JOHN PEARRELL: The life of Jesus makes the seemingly incredible claims of His birth, credible

Last week we began an examination of the Christmas story.

A whole lot of people do not believe the accounts given by Matthew and Luke to be accurate historical accounts. The reason? Because of the miracle of the virgin birth.

I heard one pastor explain that "What the Christmas story really teaches us today is that a woman should be a virgin when she marries." This particular pastor, like a lot of people, discounted the miracle of a virgin birth and suggested that it was a natural birth that, before conception, Mary had been a virgin.

Unfortunately, the eyewitness Matthew tears that application to shreds in Matthew 2:18-25. According to Matthew, Joseph knew the baby wasn't his (which means Mary was no virgin) and it took an angel to convince him otherwise.

It is this supernatural element which has many shaking their heads in obvious disbelief. So, if you permit me, let's look at some interesting facts that must be addressed if one is to believe that the story of the first Christmas is more myth than truth.

First, if Luke were making up his account, I guarantee shepherds would not have been the first witnesses. Why? In Luke's day, the testimony of shepherds was considered unreliable; they were not permitted to testify in a court of Law.

So, had Luke been fabricating this account as some modern critics claim, he certainly would have chosen a more reputable group of men to bring the news of this birth to Jerusalem.

Second, Matthew records a group of Eastern dignitaries who made an arduous journey of two years to visit a child born in an ignoble way and born in an obscure village in Judea. As far as I know, the fact of this visit is not questioned by even the most skeptical of critics.

Many do try to explain it away, trying to find a naturalistic explanation for the Bethlehem star, the most common explanation being that there was an occurrence of a supernova at this time in history.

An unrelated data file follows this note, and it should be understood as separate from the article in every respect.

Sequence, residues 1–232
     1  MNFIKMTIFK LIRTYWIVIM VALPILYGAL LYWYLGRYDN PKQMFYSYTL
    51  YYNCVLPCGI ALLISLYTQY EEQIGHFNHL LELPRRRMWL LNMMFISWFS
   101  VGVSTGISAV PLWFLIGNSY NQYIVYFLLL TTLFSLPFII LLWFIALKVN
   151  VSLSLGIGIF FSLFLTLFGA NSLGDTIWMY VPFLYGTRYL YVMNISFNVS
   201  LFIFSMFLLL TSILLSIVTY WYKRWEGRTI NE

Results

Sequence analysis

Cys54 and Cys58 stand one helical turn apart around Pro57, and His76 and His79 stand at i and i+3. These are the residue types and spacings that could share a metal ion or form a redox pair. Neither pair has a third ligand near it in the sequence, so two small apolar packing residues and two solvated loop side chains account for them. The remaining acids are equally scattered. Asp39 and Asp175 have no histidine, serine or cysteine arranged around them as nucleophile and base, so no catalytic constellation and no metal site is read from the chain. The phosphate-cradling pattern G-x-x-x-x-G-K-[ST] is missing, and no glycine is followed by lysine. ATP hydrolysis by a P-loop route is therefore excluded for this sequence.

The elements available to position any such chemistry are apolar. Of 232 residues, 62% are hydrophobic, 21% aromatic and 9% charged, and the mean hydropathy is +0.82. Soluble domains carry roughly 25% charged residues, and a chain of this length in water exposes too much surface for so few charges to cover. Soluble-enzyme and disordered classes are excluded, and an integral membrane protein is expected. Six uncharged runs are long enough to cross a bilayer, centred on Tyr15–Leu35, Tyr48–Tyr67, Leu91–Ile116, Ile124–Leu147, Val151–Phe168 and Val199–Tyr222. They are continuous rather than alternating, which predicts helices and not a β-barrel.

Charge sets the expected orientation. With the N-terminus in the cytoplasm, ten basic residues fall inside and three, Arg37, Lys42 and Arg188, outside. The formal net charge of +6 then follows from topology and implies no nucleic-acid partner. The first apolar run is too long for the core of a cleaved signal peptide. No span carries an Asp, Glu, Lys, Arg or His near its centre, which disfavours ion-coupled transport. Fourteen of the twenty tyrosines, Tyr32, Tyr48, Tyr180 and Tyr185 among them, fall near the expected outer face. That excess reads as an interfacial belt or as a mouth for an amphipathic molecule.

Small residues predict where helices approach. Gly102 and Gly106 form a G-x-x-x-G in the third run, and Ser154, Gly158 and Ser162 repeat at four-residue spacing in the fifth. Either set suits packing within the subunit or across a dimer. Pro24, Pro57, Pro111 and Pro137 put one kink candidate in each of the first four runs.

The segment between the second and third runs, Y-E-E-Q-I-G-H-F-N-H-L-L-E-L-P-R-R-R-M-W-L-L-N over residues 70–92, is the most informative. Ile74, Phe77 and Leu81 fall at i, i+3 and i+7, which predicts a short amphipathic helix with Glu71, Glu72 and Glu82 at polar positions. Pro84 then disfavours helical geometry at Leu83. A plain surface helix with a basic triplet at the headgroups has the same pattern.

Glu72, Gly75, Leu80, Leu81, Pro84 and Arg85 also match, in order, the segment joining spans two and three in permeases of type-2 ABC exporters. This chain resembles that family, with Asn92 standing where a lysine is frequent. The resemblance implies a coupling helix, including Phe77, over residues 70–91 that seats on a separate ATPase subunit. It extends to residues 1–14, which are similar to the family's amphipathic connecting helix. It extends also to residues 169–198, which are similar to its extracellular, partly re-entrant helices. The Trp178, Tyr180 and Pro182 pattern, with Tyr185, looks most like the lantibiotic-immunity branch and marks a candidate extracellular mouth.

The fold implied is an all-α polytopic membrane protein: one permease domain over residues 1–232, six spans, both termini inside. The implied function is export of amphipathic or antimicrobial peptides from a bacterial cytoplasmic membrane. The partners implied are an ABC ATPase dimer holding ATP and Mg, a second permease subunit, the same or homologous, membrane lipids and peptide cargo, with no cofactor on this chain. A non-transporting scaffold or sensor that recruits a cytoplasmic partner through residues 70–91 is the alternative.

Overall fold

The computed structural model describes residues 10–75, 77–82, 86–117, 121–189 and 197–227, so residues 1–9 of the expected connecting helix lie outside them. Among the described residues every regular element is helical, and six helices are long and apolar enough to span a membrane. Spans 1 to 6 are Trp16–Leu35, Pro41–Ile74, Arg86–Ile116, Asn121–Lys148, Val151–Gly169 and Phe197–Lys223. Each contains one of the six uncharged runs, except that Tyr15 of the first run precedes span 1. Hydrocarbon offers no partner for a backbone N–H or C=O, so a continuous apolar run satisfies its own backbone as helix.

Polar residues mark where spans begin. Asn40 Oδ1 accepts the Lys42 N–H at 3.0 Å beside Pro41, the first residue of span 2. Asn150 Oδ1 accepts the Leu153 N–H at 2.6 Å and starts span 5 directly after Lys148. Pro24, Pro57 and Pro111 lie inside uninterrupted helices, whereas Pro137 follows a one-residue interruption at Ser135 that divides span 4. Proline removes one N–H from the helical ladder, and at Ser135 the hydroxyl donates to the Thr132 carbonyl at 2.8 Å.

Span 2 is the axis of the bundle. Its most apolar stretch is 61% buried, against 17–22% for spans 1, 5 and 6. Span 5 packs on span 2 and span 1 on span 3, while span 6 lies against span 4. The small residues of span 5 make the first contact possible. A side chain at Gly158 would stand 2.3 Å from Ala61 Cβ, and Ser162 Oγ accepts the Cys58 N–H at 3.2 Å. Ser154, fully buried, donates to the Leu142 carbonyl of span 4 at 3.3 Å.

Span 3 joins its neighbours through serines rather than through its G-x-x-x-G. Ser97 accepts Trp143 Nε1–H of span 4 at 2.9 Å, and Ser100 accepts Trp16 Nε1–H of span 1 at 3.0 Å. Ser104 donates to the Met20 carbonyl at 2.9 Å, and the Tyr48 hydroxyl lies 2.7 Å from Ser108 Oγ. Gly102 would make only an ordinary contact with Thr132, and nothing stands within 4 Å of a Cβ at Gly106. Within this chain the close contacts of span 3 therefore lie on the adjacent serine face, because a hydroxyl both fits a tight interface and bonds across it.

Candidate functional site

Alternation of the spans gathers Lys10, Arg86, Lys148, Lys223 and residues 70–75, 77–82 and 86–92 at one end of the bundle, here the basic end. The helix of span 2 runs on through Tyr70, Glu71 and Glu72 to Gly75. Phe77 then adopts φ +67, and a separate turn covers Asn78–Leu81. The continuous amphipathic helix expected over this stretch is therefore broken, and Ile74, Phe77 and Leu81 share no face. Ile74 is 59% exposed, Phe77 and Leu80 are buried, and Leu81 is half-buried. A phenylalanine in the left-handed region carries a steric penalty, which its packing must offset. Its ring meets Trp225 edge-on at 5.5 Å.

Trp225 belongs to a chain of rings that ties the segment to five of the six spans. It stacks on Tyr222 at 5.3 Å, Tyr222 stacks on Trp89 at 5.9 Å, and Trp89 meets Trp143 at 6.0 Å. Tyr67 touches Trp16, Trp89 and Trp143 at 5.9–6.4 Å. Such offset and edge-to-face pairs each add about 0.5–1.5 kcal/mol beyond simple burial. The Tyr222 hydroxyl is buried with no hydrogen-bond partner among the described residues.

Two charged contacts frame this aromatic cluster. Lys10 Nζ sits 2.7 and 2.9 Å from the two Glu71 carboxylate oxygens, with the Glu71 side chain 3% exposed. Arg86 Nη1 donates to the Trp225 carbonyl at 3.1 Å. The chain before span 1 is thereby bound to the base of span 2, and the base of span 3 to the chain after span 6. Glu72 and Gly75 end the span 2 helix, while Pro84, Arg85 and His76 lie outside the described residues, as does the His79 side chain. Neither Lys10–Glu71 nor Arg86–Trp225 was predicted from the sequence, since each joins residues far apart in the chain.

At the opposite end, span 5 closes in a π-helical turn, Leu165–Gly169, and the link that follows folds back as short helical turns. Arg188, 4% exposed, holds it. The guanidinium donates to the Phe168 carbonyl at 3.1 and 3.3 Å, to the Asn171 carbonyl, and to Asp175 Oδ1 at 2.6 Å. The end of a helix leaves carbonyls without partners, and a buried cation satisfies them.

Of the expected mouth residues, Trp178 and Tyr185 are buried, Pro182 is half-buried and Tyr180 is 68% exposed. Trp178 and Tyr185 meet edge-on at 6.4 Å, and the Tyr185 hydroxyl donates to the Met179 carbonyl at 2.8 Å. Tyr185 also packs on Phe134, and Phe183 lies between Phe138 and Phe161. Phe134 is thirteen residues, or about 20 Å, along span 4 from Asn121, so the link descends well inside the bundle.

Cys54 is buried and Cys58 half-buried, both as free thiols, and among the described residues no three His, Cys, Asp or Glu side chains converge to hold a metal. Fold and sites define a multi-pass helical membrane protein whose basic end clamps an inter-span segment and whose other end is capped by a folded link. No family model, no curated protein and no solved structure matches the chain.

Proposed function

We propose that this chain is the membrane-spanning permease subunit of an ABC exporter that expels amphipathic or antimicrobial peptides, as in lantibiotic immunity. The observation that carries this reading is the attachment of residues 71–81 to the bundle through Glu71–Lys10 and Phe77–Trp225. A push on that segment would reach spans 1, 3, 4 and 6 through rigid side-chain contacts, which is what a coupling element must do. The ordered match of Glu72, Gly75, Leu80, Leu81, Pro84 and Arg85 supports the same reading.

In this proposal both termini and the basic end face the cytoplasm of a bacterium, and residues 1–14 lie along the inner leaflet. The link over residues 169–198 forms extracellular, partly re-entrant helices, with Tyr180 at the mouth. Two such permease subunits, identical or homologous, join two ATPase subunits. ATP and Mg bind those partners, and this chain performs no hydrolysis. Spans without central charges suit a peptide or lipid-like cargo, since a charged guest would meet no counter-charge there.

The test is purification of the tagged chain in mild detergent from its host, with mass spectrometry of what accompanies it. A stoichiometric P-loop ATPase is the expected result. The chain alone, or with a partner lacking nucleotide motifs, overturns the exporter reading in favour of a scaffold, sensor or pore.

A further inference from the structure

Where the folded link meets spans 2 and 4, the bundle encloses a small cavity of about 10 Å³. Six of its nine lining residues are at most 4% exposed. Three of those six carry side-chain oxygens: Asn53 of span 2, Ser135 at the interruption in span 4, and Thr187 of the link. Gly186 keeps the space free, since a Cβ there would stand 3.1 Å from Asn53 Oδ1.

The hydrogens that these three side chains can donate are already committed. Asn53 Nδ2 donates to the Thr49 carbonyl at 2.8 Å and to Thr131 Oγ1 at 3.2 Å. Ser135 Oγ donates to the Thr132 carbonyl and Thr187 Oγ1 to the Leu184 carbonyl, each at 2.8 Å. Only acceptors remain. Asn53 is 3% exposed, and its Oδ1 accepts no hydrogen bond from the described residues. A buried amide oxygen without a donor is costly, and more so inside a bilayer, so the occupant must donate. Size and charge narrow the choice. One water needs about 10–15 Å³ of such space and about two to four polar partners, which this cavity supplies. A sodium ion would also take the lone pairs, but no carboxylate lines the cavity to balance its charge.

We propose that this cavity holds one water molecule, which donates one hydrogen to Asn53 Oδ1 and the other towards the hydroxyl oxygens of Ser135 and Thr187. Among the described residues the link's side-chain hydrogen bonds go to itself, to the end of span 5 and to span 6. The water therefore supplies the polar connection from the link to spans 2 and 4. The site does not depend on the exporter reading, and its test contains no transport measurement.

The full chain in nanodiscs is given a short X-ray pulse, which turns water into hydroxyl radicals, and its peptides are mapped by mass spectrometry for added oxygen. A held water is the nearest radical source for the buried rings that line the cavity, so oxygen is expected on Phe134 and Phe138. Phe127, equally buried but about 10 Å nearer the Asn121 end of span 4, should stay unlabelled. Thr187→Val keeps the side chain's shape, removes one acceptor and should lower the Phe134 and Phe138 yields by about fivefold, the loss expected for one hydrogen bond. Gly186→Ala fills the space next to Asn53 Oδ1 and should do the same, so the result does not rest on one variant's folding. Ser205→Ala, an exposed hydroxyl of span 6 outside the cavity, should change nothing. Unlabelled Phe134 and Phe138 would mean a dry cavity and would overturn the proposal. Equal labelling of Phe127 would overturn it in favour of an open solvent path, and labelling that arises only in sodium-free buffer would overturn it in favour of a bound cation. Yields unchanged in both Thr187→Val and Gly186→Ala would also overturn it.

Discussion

Those who hold that view believe that these superstitious men mistook this natural phenomenon as a supernatural sign and did what unenlightened people have done for centuries, misinterpreting and misapplying scientific fact and turning it into a religious myth.

Whether or not you believe a miracle occurred here, you have to account for the fact that something so unusual took place that first Christmas that has changed even the way we record history.

Yes, a virgin birth under normal circumstances would be impossible. But if, just if, there is a God and He was involved in this event, then anything would be possible wouldn't it?

Third, we have to examine the life of Jesus. It is unlike any life that has ever been lived.

Even those of the Islamic faith recognize the uniqueness of Jesus' life. Mohammad agreed with the eyewitness accounts and held that this Jesus of Nazareth lived a sinless life. He did not claim that for himself, but he did claim it for Jesus. We Christians concur with that assessment.

If you read the gospel accounts (Matthew, Mark, Luke and John) you discover that Jesus made clear claims to Deity; He claimed to be God in the flesh.

Critics, of course, deny those claims, saying that He never really made them but His followers made it for Him. The issue the critics ignore with that argument is that if those claims were made by His followers, they were being made in the face of a whole company of people who were there, and we have nothing that would refute those claims.

True, legends develop over time, but no legend develops in the time the person lived. Yet that is exactly what we have with Jesus of Nazareth.

Many insane people throughout history have claimed to be God. Making the claim doesn't make it true.

If we were to evaluate such a claim, we would have to ask if that person's life gave credibility to the incredible claims he was making. In the case of Jesus, the answer is yes.

Dr. John Pearrell is pastor of Gateway Community Church in Covington. For more information, visit the Gateway website at www.gatewaycommunity.org.